WHO is responsible for health? It’s a surprisingly controversial question and the purported answers have long been divided along political lines, with the left accused of promoting a “nanny state”, and the right of victim blaming.
Between these polar opposites there is broad agreement that government should provide the infrastructure to promote health, health leaders should guide the way, and individuals should heed the messages and make good choices. It’s really a matter of where to draw the lines of responsibility.
In our efforts to curb obesity, for instance, we have grappled with several food options. Should we outlaw unhealthy foods, heavily tax them or restrict their availability? Is informative labelling the key, or should we assume people have enough knowledge to decide without guidance?
Adding to the complexity, as recent experience with the aborted launch of the federal government’s food labeling website can attest, these issues can become further clouded when political agendas and commercial interests are involved.
This issue of MJA InSight touches on several aspects of balancing responsibilities in health. Our lead news story looks at what is happening in Australia with direct-to-consumer genetic testing following the recent severe curtailing of the activities of 23andMe, the mail-order genetic testing company, by the US Food and Drug Administration.
Change is afoot in the way our own Therapeutic Goods Administration will consider these tests which, depending on where you sit, smacks of either rank paternalism or responsible regulation.
Out on an even more contentious limb is the issue of whether people who need money and understand the risks should be able to make the choice to sell an organ for transplantation. The question has been the subject of a recent ethical debate and some interesting research, as detailed in Jane McCredie’s column this week.
Always aware of his responsibility to improve health care, a recent European holiday afforded our regular rural medicine commentator, Aniello Iannuzzi, an opportunity to consider, in his first column for 2014, the responsibilities and working environments of rural doctors in Australia.
It is tempting to think in “buyer beware” terms about the many Australians who waste their money on unproven supplements. In the second of two articles discussing the controversy surrounding the Swisse Wellness company and La Trobe University, John Dwyer asks whose responsibility it is to make sure the public’s healthy intentions are directed where they will be most effective.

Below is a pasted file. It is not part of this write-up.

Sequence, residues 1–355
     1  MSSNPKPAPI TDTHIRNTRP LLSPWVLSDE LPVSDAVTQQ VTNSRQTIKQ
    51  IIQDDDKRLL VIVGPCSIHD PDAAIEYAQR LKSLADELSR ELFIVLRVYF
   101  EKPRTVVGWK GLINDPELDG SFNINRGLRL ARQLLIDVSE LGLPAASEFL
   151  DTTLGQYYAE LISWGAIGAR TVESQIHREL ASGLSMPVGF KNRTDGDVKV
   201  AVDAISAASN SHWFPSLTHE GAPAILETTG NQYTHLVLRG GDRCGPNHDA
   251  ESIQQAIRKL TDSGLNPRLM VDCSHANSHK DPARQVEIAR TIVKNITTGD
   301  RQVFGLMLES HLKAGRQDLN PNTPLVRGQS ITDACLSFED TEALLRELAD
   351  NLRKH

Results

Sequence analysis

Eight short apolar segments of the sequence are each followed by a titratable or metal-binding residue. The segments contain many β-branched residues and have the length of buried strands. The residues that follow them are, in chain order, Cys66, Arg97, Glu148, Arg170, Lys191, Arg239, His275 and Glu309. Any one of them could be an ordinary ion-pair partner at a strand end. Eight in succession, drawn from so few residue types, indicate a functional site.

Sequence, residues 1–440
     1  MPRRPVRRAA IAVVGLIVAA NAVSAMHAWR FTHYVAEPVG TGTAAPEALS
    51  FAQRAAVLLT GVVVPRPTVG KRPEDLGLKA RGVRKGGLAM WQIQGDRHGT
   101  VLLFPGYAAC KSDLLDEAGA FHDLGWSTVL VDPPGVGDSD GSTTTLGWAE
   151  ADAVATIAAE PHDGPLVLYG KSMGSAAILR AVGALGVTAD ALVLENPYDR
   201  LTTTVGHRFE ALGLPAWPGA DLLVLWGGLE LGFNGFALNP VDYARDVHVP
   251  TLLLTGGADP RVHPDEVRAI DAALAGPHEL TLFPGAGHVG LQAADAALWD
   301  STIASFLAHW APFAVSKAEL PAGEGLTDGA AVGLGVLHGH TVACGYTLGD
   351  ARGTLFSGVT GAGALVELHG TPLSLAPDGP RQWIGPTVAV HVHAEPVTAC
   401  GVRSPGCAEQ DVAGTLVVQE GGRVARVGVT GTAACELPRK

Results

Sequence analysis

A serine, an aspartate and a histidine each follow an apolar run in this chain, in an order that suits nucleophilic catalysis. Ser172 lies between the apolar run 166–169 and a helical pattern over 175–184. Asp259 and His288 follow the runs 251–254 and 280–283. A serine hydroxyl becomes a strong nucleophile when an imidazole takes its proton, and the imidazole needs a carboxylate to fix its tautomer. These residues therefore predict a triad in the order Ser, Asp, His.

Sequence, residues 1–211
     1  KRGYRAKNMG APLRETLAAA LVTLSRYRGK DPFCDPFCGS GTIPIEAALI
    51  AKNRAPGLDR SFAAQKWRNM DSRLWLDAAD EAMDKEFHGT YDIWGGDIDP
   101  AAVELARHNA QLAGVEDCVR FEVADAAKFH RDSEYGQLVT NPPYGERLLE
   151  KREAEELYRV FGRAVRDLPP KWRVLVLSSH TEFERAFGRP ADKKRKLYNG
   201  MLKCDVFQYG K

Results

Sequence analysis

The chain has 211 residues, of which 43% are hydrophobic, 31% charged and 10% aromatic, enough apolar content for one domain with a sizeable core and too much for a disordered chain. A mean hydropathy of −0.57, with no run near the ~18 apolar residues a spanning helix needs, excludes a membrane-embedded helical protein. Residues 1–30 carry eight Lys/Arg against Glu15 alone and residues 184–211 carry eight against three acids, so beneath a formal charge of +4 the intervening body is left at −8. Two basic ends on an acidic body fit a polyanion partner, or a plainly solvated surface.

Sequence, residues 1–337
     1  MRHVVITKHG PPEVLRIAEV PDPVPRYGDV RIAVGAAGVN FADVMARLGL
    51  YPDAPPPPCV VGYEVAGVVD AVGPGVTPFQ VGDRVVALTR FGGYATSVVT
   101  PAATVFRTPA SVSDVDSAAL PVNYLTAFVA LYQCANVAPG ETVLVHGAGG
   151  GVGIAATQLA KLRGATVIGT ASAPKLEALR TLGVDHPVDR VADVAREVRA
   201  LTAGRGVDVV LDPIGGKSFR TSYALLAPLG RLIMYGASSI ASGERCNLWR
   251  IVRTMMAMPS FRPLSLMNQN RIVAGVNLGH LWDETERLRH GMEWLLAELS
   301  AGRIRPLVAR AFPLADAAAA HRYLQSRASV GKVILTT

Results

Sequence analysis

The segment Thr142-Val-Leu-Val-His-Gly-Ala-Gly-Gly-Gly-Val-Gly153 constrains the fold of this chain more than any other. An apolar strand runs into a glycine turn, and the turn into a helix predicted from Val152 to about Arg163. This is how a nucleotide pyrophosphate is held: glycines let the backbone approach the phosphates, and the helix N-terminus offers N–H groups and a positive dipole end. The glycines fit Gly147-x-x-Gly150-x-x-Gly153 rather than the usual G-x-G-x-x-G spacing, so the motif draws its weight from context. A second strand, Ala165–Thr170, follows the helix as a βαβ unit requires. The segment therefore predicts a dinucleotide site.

Increasingly seen as a responsibility of the medical profession is the need to make clinical choices that are both of high quality and cost efficient. The US Choosing Wisely campaign seeks to encourage health care professionals to do just that, and has recently gained momentum with recommendations on which low-value tests, treatments and decisions can be dispensed with in the emergency department. Another of our news stories canvasses Australian emergency medicine physicians on whether a similar “list” applies here.
In the lead-up to the federal Budget, Health Minister Peter Dutton, last week, revealed some of the thinking around the government’s drive for Medicare reform. In a subsequent television interview, he reignited concerns about the possibility of introducing a copayment for GP consultations.
In the flurry of responses, contributing to what will no doubt continue to be a robust debate, one comment, attributed to University of NSW Emeritus Professor of Medicine John Dwyer — the same Professor Dwyer writing for InSight this week — stood out: ‘‘Before you would ask Australians to pay more for their health it’s the responsibility of governments and healthcare professionals to look at the system and say: are we wasting a lot of money?’’
As we shoulder our part of the responsibility for health, it is encouraging to see that this is beginning to happen. Good health doesn’t come cheap these days but Australians deserve the best value for money they can get.
Dr Ruth Armstrong is the medical editor of MJA InSight.